3. Manage your paddocks correctly by harrowing and rolling when suitable, to flatten uneven ground. Large stones should be removed.
  4. Speak to your farrier if you are concerned about your horse’s foot balance, and if bruised soles are caused by laminitis, contact your vet.
  5. Protective hoof pads are sometimes used for thin-soled horses to prevent bruising, although they should be used with care and after consulting your farrier and/or vet.
  6. Hoof hardeners can help ‘harden’ soft soles but again, care should be exercised, and they should be used only on the advice of your farrier or vet.

Case study: ‘All bar one of my horses went lame’

When Holly Stewart ran a yard filled predominantly with Thoroughbreds, a new track being laid in her local forestry triggered lameness…

“The forest was right by the yard and we did most of our hacking in there because the main road was so busy during the week. But when the new stone track went down, all bar one of my horses became lame due to bruised soles. One was so severely affected that we had to stop riding him in there altogether. 

“Each horse was already receiving biotin in their hard feed, and an iodine/sugar paste was being applied to the soles of their feet. I discussed using pads with my farrier, and for the two horses who particularly struggled this was our only option. However, if anything this made their soles softer and it made them prone to pulling off a shoe at the first sight of mud — and it gets very wet in the West Country!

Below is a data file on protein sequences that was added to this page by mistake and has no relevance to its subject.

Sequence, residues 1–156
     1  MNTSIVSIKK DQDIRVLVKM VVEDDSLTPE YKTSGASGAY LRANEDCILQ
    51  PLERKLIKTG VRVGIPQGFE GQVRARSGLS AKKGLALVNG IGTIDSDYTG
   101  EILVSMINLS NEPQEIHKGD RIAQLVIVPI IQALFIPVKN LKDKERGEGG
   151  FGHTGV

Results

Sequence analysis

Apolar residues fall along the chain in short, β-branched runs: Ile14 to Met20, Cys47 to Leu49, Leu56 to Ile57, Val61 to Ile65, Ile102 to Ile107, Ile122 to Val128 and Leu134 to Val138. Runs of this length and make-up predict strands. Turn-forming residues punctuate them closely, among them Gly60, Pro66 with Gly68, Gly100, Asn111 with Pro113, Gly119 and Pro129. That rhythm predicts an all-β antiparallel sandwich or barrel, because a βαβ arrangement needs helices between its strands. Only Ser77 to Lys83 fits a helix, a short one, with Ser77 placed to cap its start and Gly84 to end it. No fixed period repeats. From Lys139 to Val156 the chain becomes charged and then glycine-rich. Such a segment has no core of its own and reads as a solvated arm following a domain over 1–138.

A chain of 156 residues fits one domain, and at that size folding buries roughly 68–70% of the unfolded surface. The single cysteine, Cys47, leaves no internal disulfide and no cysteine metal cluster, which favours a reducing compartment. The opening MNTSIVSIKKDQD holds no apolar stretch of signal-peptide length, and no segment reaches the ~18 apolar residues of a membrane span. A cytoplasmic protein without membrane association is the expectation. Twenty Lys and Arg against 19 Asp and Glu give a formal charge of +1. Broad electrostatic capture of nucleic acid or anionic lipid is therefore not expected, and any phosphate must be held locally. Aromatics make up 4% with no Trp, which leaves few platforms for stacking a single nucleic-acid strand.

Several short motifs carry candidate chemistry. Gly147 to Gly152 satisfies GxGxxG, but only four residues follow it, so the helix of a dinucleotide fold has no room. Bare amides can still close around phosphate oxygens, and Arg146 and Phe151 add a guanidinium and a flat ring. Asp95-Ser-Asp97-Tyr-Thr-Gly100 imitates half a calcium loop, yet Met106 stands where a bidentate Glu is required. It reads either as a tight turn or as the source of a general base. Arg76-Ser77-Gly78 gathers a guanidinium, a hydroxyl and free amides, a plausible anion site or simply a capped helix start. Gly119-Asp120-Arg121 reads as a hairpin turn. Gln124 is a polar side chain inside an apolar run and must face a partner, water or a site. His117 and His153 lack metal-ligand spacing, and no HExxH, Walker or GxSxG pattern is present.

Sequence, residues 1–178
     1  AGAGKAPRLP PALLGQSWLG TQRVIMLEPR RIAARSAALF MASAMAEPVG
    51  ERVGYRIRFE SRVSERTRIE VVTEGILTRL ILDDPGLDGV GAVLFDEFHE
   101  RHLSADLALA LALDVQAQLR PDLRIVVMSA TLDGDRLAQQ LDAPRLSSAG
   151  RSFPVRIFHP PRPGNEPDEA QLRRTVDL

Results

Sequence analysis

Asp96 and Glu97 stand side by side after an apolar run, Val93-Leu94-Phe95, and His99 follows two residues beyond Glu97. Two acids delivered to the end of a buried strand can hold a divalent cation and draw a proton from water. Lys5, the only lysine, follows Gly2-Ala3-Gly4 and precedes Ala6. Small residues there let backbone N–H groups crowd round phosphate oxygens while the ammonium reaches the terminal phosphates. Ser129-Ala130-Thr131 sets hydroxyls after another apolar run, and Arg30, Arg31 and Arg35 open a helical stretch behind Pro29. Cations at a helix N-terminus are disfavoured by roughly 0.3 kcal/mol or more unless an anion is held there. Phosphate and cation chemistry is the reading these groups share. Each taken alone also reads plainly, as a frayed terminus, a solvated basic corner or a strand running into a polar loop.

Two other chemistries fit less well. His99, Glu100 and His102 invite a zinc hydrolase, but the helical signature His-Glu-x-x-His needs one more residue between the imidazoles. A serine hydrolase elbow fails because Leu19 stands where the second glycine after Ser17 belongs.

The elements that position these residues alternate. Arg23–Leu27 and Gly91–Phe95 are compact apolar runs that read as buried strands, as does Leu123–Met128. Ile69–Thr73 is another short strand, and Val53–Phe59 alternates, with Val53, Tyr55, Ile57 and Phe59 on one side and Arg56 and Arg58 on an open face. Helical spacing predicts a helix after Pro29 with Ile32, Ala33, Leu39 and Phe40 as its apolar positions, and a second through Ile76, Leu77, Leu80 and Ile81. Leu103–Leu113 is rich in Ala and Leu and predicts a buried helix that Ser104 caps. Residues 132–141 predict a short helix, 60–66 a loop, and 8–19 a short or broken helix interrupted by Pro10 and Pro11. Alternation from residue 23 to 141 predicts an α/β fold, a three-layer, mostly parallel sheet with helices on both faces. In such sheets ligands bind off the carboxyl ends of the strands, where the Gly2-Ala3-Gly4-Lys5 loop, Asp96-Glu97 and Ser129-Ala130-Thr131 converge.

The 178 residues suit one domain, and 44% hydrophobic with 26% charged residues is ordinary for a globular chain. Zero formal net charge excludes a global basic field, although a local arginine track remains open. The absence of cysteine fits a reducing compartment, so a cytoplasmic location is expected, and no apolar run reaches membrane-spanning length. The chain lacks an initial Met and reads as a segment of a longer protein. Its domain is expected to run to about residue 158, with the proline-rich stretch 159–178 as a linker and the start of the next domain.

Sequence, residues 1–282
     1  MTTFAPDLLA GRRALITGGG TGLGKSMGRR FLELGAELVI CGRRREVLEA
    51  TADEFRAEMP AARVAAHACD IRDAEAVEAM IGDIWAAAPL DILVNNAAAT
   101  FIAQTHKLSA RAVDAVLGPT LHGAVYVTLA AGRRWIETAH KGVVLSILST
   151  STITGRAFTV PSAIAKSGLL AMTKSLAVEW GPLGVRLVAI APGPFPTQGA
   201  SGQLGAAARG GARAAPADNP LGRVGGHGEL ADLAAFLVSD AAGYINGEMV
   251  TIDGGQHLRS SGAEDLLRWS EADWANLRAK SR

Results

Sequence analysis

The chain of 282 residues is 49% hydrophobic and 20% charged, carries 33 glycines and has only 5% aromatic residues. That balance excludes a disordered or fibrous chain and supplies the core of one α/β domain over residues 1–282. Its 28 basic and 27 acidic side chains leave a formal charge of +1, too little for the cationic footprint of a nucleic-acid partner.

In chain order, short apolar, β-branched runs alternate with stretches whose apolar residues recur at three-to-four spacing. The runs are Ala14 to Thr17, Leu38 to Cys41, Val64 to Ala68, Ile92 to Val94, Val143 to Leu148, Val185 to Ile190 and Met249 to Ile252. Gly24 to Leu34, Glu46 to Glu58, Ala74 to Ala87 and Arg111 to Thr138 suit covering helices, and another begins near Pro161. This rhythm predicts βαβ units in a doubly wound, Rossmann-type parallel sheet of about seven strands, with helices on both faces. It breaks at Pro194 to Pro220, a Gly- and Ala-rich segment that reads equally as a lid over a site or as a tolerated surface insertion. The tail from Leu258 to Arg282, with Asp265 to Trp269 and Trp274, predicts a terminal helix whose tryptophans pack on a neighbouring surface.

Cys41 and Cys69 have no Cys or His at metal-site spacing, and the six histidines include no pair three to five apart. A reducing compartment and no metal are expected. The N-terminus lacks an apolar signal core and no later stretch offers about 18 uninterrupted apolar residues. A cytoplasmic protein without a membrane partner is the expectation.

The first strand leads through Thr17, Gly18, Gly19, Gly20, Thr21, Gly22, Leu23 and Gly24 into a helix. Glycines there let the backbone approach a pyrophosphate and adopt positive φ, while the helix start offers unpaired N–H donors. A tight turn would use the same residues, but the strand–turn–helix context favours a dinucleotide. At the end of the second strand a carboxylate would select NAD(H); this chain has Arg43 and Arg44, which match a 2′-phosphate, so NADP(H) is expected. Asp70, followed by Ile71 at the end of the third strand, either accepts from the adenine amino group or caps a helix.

“All horses stopped hacking in the forest until bruising had subsided. After that, we just had to be very careful. Walking only, trying to go around the worst affected areas and using the forest less, which was a shame. We also had to be really on top of our hoof care to help the soles be as hardy as possible.

“Luckily, once the track had bedded in we stopped noticing as many problems with bruised soles, but it took a good eight months to get to that stage.”